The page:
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ALM Special

Mahsa Amini protests hardened Europe's view on Iran, but nuclear strategy unchanged

Experts believe that Iran's export of drones to Russia for the Ukraine war more fundamentally shifted European policy toward the Islamic Republic than the protests.
Demonstrators hold placards reading "Women, Life, Freedom" as they demonstrate against the persecution of women in Iran, on Whitehall in central London on March 8, 2023.

One year on from Iran’s protests against the death of 22-year-old Mahsa Amini in police custody and the subsequent bloody crackdown by authorities, European views have hardened toward the Islamic Republic, but nuclear policy has barely been affected by the unrest. 

Amini’s death in police custody on Sept. 16, 2022, sparked waves of protests across the country against the regime of Supreme Leader Ayatollah Ali Khamenei over alleged human rights violations and attitudes toward women. Many female protesters removed their hijabs or cut their hair at the demonstrations. Iran’s notorious morality police ruthlessly cracked down on dissenters, killing at least 476 people. The European Union and the United States sanctioned the morality police shortly after.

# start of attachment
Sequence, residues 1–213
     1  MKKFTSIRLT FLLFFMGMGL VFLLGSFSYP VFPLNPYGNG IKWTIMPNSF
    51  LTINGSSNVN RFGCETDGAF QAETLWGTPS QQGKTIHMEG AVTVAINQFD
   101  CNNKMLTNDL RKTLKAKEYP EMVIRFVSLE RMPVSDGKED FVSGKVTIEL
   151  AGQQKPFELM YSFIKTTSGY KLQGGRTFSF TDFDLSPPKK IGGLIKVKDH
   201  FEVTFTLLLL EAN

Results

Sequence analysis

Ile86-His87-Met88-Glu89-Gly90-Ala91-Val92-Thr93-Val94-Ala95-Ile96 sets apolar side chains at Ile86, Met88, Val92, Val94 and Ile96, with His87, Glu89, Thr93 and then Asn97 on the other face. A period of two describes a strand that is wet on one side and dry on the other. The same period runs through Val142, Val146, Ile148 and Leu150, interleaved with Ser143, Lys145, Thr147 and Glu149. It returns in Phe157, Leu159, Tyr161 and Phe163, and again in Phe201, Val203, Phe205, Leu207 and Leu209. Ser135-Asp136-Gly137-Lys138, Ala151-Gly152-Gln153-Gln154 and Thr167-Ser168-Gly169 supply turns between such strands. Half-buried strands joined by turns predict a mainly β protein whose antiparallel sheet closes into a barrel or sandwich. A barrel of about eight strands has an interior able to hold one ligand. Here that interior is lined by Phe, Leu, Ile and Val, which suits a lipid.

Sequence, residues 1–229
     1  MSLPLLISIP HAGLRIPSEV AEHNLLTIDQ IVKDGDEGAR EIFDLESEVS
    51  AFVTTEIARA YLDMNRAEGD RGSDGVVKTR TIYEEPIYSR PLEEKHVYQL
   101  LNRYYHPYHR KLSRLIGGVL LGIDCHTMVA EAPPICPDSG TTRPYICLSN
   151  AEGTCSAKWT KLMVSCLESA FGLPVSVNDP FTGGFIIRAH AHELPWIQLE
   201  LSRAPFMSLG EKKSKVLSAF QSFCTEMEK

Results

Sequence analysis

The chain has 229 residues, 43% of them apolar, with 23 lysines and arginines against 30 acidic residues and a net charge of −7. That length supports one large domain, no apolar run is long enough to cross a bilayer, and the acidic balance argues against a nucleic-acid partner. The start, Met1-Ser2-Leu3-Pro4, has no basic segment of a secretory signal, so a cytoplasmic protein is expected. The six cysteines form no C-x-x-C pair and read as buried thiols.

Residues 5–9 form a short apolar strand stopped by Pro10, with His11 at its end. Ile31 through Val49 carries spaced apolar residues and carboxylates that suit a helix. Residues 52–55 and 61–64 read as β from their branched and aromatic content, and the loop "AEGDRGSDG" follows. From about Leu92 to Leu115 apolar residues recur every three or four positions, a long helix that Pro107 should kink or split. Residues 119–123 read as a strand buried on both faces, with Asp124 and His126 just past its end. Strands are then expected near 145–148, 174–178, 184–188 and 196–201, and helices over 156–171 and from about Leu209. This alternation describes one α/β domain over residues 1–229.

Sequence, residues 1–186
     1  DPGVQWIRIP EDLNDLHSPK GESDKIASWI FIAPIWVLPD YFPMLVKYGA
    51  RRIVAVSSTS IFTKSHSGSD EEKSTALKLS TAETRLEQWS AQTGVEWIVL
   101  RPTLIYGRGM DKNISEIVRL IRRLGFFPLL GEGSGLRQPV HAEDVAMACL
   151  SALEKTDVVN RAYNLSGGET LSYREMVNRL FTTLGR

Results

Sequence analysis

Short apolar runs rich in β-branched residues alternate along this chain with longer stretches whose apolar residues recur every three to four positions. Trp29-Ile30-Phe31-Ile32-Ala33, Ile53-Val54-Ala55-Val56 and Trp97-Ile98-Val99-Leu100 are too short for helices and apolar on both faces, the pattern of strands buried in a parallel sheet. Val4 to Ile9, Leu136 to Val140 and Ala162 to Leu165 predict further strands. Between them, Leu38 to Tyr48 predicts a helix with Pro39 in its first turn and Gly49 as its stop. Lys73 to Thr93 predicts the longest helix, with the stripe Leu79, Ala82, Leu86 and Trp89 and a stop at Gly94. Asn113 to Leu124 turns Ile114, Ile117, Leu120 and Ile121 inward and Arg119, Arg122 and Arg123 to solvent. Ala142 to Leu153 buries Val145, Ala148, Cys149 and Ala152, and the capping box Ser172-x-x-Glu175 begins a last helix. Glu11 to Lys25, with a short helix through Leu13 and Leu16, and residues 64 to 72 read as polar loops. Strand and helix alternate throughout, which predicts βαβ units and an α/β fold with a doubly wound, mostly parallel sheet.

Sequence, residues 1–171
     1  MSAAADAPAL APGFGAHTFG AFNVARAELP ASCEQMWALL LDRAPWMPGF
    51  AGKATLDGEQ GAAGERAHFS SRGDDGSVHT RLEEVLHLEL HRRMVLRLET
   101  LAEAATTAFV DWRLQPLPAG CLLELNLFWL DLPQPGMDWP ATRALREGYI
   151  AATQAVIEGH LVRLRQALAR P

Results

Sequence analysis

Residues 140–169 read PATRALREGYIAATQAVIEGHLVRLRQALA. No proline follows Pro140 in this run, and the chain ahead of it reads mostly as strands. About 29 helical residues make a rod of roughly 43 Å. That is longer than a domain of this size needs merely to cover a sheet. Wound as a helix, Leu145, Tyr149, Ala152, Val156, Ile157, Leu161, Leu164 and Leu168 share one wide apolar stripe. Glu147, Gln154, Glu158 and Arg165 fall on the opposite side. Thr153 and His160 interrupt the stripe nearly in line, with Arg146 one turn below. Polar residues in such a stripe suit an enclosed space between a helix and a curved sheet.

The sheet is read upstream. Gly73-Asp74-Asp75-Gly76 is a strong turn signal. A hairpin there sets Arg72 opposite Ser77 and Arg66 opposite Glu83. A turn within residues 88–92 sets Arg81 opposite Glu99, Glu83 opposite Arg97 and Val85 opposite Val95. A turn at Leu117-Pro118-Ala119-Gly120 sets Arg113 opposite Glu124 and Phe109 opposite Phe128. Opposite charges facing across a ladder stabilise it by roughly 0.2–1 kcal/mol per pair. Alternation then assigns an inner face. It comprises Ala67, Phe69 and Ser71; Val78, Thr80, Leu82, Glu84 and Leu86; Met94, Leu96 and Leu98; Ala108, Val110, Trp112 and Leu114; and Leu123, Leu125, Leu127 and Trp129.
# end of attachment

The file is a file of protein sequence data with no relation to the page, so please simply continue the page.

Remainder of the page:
Damaged relations

Henry Rome, senior fellow at the Washington Institute for Near East Policy, believes that there is no doubt that the protests — combined with Iran’s military support for Russia in Ukraine — shifted elite opinion in many European capitals. 

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